John Dowland wrote two extraordinary pieces that are unusual in being based on fragments of the chromatic scale. My previous post included a transcription of Farwell (fantasie), in which the notes ascended. The present transcription is of Forlorn hope (fancye), in which the movement of the chromatic scale is downwards.

The first few bars are not too difficult. But, bars 28 – 35 are very challenging (in the lute transcription each bar takes up a whole line), so I have done some simplification by eliminating what appeared to be the least significant notes,  although all the notes shown are Dowland's own and in the right order. I have appended a fuller version after bar 36.

Played on the lute, this piece really lives up to its name. It starts with a wistful melancholy, which progresses to a frantic despair, the bass notes and discordant harmonies going straight to ones guts.

The arrangement for ukulele, try as I may, fails: I publish it here as a curiosity.

I think that the problem is that Forlorn hope depends much more on the resonance of the bass strings than does Farwell, and the harmonies really need the full voicings of the lute version to be appreciated. Also, the discordant wide intervals, so moving on the lute, sound awful when compressed to make them fit on the ukulele.

Well, you can't win them all!

Matchlock Musketeer: Elizabethan infantry, 1588-1603, Stephen Walsh

By the way, in Dowland's period (according to http://www.phrases.org.uk/meanings/forlorn-hope.html) the phrase "forlorn hope" meant
"... a robust and gung-ho band of soldiers. 
Each troop in the British Army had a hand-picked group of men, chosen for their ferocity and indifference to risk (and occasionally by using that tried and tested military method of "I want three volunteers. You, you and you."). They were the army's 'attack dogs' who risked all in reckless death or glory raids on the enemy."
(Come to think of it, perhaps I was reckless in trying to transcribe this piece.)

So, which interpretation do we go with: the literal or the military?

If you're still curious you can find the piece in the following formats:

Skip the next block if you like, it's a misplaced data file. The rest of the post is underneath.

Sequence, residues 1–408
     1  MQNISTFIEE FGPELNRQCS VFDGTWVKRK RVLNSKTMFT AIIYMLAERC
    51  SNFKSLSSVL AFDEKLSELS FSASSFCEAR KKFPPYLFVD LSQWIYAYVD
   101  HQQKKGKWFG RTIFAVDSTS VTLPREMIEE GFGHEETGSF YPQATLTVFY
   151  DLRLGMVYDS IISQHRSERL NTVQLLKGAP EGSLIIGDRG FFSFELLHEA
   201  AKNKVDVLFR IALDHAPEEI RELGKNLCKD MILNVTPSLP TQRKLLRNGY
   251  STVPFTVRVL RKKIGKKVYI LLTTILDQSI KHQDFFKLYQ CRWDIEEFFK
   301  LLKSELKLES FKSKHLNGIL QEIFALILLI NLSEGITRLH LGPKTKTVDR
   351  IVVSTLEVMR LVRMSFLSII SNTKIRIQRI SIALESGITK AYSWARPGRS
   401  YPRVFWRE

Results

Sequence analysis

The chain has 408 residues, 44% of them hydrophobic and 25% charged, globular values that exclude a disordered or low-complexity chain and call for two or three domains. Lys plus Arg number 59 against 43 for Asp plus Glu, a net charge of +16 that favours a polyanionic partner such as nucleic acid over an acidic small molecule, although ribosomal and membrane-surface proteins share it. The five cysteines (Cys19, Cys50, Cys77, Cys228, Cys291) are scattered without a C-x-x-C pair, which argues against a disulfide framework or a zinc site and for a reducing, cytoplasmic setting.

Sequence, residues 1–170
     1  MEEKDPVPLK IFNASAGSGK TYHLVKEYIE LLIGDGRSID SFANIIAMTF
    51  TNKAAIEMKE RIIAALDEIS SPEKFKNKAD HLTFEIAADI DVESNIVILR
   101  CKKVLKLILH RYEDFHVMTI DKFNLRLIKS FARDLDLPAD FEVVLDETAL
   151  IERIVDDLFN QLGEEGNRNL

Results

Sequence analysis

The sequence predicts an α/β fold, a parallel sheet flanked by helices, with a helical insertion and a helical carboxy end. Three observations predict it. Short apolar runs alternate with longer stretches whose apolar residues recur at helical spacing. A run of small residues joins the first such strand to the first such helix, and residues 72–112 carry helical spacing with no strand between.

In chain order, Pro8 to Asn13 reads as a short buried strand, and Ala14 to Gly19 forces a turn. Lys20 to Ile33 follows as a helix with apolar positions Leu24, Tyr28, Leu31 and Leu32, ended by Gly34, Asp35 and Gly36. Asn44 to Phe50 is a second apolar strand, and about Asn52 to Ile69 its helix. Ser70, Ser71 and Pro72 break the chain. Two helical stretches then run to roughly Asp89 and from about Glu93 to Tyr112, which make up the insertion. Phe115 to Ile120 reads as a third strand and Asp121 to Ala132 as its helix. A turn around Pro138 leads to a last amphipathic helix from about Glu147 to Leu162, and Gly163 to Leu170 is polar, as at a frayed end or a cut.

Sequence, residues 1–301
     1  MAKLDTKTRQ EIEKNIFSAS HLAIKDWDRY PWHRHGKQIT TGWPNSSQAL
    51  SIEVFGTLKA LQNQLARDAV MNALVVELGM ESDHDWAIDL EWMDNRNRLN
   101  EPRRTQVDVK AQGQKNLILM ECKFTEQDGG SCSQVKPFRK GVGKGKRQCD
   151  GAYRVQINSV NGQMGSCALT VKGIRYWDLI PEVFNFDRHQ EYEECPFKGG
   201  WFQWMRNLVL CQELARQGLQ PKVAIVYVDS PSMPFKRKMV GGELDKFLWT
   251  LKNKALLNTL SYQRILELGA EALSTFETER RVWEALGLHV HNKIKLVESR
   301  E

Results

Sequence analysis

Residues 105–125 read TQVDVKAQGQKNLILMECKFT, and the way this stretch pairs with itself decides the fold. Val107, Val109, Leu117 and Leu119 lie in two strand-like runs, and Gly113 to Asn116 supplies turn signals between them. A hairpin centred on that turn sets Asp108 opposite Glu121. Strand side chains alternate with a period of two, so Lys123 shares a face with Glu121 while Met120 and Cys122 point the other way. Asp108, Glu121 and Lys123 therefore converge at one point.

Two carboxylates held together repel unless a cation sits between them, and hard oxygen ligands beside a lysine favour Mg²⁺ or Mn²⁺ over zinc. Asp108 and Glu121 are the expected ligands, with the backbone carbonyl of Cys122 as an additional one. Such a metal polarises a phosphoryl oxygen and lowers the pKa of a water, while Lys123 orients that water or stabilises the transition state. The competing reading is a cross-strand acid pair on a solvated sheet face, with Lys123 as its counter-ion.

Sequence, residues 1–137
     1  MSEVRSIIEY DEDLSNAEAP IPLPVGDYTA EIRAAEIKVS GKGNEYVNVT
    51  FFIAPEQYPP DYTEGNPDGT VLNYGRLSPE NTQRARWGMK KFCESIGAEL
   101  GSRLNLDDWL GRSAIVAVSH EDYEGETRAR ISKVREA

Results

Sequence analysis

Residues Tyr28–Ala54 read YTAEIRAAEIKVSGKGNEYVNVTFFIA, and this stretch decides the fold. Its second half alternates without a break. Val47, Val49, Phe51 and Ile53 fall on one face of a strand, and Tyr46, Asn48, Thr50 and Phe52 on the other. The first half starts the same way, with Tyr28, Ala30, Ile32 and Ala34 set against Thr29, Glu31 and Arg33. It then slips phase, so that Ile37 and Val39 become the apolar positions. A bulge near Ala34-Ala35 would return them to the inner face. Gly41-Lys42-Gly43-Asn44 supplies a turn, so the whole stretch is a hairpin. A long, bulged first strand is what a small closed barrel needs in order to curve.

• pdf (quick preview.)
  • pdf (instant download)
  • TablEdit
  • MIDI (the intentional discords sound very harsh, but don't let this spoil your appreciation of Dowland's writing.)

As time goes by, and I get more familiar with the piece, I may well tweak the tabs further.

Monday, 11 September 2017

Dowland: Farwell (fantasie) (P 3)

Image of Matthew Holmes' MS of the lute original of Dowland's Farwell
The last two lines of Matthew Holmes' neatly written manuscript of John Dowland's piece for lute Farwell.
At the bottom is a rare example of Dowland's signature, presumably indicating his approval.
They must have been wonderful players to give a performance from such a compressed and enigmatic tablature.
John Dowland wrote two extraordinary pieces that are unusual in being based on fragments of the chromatic scale. In Farwell (his spelling), set for the lute in G, he chose the 6 notes ascending from A to D. In this ukulele version I have maintained his fingering on the top 4 strings as closely as possible, so the scale goes from B to E on the 1st string. This fragment is used throughout the piece: Diana Poulton (in John Dowland, 1982, Faber & Faber, p 115) counted 14 instances.

Transcription for the ukulele presented more than the usual problems in reducing from 8 courses on the lute (unusually, JD specified fingerings on the 7th and 8th courses) to 4 strings. Fortunately, Sarge Gerbode has published a fair copy online, but there were so many unexpected notes and harmonies that I also referred to facsimilies of the the MS in the Matthew Holmes Lute Book in Cambridge, and there the notes really were. (The oddest note is the D at the end of bar 30, but the task of harmonizing the chromatic figures leads to interesting voicings throughout.)